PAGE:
Posted by on December 07, 2011 in Blog

By Emily Manna

As Representative Peter King, Chairman of the House Homeland Security Committee, continued his crusade against “homegrown terrorism” among American Muslims, his opposition grew more vocal. King’s December 7th hearing, which focused on radicalization among Muslim American soldiers, was the fourth in a series that also included reports on general Islamic extremism in America, radicalization in prisons, and the Somali terrorist group, Al-Shabaab.

With King’s attention turned to the United States military, however, several American spiritual leaders and retired military chaplains called on Congress to “take violent extremism seriously by rejecting the assertion that there is support for terrorism among American soldiers.” Former U.S. service members Reverend Stephen Boyd, Captain George Clifford, Herman Kaizer and James Yee wrote a letter to Congressional leaders as part of the Shoulder to Shoulder campaign, condemning the hearings as an attack on Muslim American soldiers that can only serve to divide and weaken the U.S. military.

In the report King released, entitled “Homegrown Terrorism: The Threat to Military Communities inside the United States,” he claims that the “top threat” faced by American servicemen and women at home is that of “violent Islamic extremism.” King points out that “more than five terror plots have been disrupted involving U.S. military insiders in the past decade,” in addition to several supposed plans to harm U.S. soldiers serving in Iraq and Afghanistan.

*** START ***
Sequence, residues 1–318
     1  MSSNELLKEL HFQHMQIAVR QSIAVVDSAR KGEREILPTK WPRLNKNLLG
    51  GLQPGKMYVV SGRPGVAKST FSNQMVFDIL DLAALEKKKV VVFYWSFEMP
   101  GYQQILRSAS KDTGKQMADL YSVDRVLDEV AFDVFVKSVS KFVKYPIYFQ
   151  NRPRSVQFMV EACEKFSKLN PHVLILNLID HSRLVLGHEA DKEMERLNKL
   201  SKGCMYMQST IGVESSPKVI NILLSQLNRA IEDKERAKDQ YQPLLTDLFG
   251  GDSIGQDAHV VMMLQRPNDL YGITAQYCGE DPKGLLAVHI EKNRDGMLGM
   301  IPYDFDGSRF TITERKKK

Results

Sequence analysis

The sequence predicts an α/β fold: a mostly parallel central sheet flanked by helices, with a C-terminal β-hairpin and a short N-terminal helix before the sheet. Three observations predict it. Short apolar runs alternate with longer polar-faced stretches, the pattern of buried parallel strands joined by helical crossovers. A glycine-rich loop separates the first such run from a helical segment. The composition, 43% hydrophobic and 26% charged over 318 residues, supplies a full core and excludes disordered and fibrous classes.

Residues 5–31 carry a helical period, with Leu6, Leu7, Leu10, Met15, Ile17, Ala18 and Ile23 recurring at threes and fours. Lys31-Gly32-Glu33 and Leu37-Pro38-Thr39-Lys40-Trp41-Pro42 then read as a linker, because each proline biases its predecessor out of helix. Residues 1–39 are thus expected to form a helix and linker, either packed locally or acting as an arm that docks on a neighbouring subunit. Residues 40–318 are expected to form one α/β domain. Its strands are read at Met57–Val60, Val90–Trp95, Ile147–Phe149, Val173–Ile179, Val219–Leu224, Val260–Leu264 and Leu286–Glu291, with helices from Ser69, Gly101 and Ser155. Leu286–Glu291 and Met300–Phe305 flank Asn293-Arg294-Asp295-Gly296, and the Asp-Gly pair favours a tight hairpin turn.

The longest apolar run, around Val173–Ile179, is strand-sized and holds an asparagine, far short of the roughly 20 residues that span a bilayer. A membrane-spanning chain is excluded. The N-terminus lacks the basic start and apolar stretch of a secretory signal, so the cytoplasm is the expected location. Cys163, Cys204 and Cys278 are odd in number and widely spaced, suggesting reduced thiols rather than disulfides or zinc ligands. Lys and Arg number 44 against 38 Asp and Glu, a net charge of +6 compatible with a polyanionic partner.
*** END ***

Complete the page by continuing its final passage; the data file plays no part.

The retired chaplains and the Shoulder to Shoulder campaign responded by denouncing the report’s hostility toward Muslim American soldiers, many of whom have been killed or wounded in their military service. Shoulder to Shoulder is an interfaith organization working to promote American values in an attempt to counter the growing Islamophobic sentiment in the military. Their letter also points to the specific linguistic and cultural contributions of many Muslim service members, which have been crucial in American military efforts in Iraq and Afghanistan. The campaign organizers argue that focusing solely on religious beliefs distracts from other important factors in incidents such as the 2009 Fort Hood attack, factors that include mental illness and personality disorders, substance abuse, environmental factors and social and political motivations.

King has proclaimed that he “cannot back down to political correctness,” but groups such as Shoulder to Shoulder are fighting back, and insisting that “silence is not an option” in the face of anti-Muslim rhetoric. 

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